Offline System Backup

If a system won’t boot to use the tools built into Windows or you are moving to different non-compatible versions we recommend using the open source tool PartedMagic.  PartedMagic is a linux livecd designed for data recovery and contains various recovery tools.  Two tools in particular will offer us different options depending on the type of backup required.

Full System Image

To create a full system image you can use CloneZilla either standalone or included in the extras menu on bootup of PartedMagic.  Simply select ConeZilla and follow the Wizard Mode, selecting the whole disk or just individual partitions to backup.  This will allow you to clone the system to a new drive, however it does not allow direct access to the data as it creates an image of the drive. Otherwise a full image backup can be made via dd or preferably ddrescue.  Check out our posts on data recovery to learn more about full system or forensic backups.

File System Backup

This is the most common and popular way of backing up data from an older machine or with a system that won’t boot.  Simply let PartedMagic boot into the GUI (for boot issues see troubleshooting below).  There are two ways to backup data, using the file manager, select your source hard drive and copy via drag and drop to the external drive.  Be aware there is no resume or verification using this method.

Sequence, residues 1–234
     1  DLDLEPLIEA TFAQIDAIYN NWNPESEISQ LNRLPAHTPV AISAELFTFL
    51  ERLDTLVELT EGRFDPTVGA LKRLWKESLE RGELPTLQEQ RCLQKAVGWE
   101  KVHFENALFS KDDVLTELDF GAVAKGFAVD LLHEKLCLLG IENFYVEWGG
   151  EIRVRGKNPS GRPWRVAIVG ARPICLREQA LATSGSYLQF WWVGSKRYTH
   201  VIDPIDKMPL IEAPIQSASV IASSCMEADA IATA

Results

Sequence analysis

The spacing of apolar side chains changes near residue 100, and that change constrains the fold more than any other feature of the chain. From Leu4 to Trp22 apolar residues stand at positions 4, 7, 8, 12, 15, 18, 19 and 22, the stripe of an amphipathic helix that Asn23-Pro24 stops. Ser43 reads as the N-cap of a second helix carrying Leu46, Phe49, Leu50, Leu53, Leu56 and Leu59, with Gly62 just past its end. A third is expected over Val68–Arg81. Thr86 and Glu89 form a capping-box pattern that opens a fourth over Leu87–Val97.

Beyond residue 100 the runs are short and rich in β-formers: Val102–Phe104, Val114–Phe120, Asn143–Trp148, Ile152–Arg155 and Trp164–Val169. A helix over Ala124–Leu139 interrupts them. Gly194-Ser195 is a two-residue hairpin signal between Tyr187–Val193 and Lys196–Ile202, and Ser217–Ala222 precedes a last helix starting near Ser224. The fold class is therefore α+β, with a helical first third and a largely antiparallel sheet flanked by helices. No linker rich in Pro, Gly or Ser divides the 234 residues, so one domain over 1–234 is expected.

The second method is using the terminal, make sure you know your source and destination patch (ex /media/Windows /media/extusb) by using the rsync command we can transfer the data and even run a file count if we want to verfy the data transfered.

Open up terminal

# rsync -avuP /media/source/ /media/destination

Note about using the trailing forward slash, if you say /media/source/images it will copy the image folder and all subfolders to the destination.  If you use the command /media/source/images/ it will copy all the subfolders and files in images but not the images folder itself.

Article by Bizanator

I'm a security researcher, pentester and general IT guru professionally since 2003. While IT and security has been a habit of mine, literally learning my ABCs on an Apple IIe I have worked on virtually every operating system in the past 25 years. Learning about memory manipulation starting in the early Blizzard days I found an affinity in security and exploit development. My career has allowed me to work in a variety of industries and have been a strong supporter of open source and virtualization. My goal here is to provide a forum of information where when you're brain dead hopefully myself or one of our members can work together in the spirit of open source and resolving those brain dead moments. You can request a consultation with me on Maven.

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